Namco were one of the few developers to support the Turbo Grafx-16 in the US with a wide range of software. Some of these were hidden gems like Final Lap Twin and others classics like Splatterhouse. Unfortunately they weren’t all winners as Samurai Ghost can attest. Pure action games along the lines Shinobi and its ilk weren’t in great supply on the platform but there were at least enough that you did not have to bother with awful drek like this.
Kagekiyo is an undead samurai who in life defeated a cadre of demons. However those same demons are now attempting to escape from hell and Kagekiyo is called to defeat them once again to save the Earth. It is an interesting premise that could have led to some cool action but it is instead let down by subpar action and controls.
In many ways controlling Kagekiyo is like playing Earnest Evans, just not as bad. You have full control over his sword arm to attack high or low, perform a downward thrust and to block attacks but the bad animation gives the impression that he is a marionette. Even jumping and running leaves his body perfectly rigid as his limbs move in place. It’s hilarious to see in motion but at least at the end of the day functional which EE can’t claim.
Controlling the angle of your attacks could have differentiated the game from similar titles but the bad controls let it down. Because your movements are a complete mess timing your attacks is frustrating as your attack range is so limited. The hit detection is also suspect as there were times I clearly slashed enemies only to have no effect. A few enemies can block your attacks and so you must attack from a different angle but it doesn’t work in practice. It’s one of the game’s rare moments of inspiration too bad the execution fails. There are only a few power-ups with the most common ones protecting you from slime and spikes. The few that increase your sword’s hit box or produce a wave attack are rare and only last a short time.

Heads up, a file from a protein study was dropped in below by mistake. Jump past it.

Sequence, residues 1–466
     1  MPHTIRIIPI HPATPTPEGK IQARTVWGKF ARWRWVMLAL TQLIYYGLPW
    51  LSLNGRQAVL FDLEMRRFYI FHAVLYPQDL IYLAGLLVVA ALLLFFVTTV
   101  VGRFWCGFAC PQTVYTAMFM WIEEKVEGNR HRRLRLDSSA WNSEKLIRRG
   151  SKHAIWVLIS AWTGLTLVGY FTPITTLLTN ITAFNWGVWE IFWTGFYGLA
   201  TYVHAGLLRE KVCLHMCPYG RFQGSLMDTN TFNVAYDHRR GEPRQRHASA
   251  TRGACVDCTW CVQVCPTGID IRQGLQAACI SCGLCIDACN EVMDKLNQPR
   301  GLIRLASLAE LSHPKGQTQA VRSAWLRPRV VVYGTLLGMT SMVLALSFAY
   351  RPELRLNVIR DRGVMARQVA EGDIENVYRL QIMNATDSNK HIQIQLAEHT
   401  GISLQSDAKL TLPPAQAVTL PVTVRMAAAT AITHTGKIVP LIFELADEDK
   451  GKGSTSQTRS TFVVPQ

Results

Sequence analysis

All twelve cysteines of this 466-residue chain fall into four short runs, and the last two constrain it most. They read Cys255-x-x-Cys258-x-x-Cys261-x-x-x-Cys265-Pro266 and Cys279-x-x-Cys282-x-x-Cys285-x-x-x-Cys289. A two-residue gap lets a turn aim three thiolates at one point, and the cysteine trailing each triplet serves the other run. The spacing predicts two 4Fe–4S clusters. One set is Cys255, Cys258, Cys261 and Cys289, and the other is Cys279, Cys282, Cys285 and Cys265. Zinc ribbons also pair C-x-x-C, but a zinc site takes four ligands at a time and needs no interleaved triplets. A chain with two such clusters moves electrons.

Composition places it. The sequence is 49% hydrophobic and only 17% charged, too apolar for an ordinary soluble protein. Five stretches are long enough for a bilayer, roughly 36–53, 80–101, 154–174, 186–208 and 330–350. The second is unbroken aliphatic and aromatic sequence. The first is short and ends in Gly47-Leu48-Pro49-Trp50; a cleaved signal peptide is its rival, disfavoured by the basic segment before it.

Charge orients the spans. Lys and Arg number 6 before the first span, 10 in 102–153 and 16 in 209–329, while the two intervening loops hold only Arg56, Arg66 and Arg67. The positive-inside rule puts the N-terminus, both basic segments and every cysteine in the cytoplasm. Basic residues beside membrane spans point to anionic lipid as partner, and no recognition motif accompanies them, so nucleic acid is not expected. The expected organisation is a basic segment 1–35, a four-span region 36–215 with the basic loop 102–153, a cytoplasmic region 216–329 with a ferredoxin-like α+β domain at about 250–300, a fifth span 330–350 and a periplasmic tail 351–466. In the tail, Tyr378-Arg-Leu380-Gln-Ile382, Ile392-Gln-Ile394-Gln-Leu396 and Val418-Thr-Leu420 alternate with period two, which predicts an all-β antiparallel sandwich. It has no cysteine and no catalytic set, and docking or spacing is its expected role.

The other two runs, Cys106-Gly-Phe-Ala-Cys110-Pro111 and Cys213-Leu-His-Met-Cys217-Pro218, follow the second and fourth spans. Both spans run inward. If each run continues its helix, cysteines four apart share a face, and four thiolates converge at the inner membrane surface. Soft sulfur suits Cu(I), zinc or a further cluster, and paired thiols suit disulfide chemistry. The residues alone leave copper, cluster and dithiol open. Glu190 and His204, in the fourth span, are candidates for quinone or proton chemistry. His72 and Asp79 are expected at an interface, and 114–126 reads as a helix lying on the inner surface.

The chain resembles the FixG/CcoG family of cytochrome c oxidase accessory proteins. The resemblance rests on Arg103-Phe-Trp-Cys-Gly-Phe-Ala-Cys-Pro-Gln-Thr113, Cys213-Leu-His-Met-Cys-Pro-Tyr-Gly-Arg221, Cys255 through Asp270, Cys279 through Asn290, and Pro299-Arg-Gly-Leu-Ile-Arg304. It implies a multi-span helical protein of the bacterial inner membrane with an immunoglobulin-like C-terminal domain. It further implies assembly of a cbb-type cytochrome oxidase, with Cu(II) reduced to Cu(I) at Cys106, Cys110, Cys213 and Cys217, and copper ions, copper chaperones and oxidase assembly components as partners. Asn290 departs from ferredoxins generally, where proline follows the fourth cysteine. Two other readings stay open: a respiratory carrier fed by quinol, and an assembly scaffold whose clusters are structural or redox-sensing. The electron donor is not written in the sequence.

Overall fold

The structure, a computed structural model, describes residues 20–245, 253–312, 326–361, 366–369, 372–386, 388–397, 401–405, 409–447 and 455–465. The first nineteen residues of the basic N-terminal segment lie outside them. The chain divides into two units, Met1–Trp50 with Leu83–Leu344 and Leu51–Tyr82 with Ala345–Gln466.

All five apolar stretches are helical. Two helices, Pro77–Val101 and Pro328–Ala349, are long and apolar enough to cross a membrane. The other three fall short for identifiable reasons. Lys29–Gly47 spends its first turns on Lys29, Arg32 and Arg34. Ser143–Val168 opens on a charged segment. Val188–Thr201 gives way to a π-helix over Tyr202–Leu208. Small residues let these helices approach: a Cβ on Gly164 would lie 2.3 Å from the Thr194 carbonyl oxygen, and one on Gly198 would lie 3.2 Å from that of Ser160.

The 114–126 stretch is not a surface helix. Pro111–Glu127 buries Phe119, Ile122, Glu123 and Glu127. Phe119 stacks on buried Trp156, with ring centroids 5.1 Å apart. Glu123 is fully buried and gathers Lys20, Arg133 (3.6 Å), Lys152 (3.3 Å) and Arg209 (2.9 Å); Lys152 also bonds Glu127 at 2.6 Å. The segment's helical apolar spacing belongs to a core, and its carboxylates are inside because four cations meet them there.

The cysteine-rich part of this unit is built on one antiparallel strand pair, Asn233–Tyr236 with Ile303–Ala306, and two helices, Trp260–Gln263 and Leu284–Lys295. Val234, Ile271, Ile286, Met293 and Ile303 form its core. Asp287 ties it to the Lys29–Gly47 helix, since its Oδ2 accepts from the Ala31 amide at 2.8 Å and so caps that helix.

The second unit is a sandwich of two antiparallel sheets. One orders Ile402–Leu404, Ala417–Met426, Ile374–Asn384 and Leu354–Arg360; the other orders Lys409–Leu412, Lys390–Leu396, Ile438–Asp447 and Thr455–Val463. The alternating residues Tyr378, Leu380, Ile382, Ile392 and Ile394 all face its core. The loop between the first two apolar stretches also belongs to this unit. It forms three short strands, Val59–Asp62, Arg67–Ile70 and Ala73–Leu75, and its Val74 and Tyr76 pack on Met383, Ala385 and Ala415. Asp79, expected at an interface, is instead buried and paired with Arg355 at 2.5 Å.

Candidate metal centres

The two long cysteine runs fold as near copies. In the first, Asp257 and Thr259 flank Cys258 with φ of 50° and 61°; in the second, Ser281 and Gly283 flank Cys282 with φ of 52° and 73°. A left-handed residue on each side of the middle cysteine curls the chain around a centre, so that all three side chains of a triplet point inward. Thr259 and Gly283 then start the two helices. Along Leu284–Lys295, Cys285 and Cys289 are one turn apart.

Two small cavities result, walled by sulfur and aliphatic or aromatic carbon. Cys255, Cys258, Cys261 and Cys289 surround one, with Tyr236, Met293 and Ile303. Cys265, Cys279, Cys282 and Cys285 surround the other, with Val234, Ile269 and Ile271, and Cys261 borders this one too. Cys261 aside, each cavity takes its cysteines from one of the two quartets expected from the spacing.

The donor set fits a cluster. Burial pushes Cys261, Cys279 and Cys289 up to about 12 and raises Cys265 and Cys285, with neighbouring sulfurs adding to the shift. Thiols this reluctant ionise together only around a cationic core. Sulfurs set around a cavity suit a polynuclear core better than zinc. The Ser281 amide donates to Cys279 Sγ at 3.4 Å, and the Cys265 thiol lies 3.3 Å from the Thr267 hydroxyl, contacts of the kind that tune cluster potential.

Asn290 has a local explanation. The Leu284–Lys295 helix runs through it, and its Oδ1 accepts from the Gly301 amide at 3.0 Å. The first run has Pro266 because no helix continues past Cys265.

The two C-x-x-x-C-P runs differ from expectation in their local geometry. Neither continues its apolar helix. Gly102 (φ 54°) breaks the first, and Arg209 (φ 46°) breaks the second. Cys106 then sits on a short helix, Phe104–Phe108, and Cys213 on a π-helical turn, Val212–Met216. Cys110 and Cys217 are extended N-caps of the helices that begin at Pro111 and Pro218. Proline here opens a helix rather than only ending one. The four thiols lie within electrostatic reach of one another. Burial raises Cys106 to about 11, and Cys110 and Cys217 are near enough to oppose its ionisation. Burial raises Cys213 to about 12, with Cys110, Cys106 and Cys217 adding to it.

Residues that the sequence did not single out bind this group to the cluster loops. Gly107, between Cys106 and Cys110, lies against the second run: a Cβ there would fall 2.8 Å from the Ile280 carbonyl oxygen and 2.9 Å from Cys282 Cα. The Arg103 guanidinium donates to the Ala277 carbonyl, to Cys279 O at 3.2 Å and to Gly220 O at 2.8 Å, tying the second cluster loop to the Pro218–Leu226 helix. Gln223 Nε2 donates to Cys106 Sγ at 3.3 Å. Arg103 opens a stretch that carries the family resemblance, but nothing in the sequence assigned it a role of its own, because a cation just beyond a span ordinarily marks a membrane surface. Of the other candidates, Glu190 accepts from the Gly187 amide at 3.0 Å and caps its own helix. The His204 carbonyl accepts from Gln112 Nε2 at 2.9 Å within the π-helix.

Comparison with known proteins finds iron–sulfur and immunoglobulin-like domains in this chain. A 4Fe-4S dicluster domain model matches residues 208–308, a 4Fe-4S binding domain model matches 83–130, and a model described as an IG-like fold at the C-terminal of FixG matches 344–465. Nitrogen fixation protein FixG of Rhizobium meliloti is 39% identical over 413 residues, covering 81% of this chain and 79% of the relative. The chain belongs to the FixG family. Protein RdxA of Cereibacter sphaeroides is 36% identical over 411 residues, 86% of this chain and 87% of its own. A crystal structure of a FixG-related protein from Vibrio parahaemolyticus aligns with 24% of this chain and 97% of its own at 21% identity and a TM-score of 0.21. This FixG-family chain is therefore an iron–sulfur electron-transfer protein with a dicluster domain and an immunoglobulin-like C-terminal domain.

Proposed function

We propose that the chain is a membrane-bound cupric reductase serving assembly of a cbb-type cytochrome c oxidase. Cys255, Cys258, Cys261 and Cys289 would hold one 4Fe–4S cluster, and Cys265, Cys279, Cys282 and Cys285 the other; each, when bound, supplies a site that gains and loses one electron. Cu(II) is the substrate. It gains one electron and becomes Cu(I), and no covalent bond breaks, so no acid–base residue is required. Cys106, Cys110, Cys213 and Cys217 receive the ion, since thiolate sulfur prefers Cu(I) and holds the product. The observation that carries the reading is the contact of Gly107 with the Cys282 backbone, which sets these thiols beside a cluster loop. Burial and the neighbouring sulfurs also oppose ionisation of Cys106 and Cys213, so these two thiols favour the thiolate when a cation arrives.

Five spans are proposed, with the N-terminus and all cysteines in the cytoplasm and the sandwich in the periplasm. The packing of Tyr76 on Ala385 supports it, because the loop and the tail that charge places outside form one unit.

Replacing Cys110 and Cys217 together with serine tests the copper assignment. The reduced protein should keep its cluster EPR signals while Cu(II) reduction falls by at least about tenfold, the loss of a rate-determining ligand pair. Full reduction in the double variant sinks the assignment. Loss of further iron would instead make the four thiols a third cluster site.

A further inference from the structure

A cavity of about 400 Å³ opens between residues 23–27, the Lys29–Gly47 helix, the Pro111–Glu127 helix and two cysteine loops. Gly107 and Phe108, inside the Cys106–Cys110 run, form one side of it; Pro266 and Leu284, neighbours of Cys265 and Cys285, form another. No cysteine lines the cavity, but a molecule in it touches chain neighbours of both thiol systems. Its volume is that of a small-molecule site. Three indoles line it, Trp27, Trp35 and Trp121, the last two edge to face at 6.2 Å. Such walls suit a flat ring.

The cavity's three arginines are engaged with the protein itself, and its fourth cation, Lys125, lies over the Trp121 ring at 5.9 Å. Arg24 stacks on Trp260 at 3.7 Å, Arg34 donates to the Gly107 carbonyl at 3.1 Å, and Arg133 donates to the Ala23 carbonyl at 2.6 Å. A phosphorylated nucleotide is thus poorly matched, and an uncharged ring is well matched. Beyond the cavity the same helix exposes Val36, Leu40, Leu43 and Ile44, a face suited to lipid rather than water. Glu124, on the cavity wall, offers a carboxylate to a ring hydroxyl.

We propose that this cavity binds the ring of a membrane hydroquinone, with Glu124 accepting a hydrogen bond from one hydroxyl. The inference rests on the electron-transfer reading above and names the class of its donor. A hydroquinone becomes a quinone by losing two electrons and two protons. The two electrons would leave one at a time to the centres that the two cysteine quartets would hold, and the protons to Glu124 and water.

Beyond the frustrations with the controls however the game is let down by its simple design. This is as rudimentary as action games can get. As you slowly make your way through each of the game’s short levels haphazardly trying to hack up the few enemies in your path the action is broken up by some of the easiest platforming you’ve ever come across. Large sprites that take up a sizable portion of the screen simply don’t leave room for the type of nuanced game design found in better titles. They sure do make for eye catching screenshots though. This was the same problem with China Warrior and it should come as no surprise that Samurai Ghost is just as bad.
Surprisingly even with all of these flaws the game is incredibly easy. After each segment your life bar is refilled and aside from dealing with the annoying spiders that bind your legs there isn’t much that can kill you. Even the boss battles are tame by genre standards. With unlimited continues I have little doubt anyone foolish enough to buy this game will finish it in a little over half an hour and hate themselves for it.
Samurai Ghost has the look typical of many early TG-16 releases, incredibly large sprites set against vivid backdrops. However in this case the game differs from most as it actually has 2 layers of parallax scrolling. It gives the backgrounds depth and immediately sets it apart from the majority of releases on the system. I don’t know what black magic Namco worked to achieve that but it looks magnificent and not like whatever the hell they did in the PC Engine Ninja Gaiden. The large sprites unfortunately suffer from stiff and robotic animation. It’s more like manipulating a puppet than controlling a humanoid sprite and it really looks bad, now and even back in 1992.
While the system could certainly use more action games that doesn’t mean gamers should resort to flat out bad games like this. There are better alternatives available, both import and domestic. Leave this one on the shelf.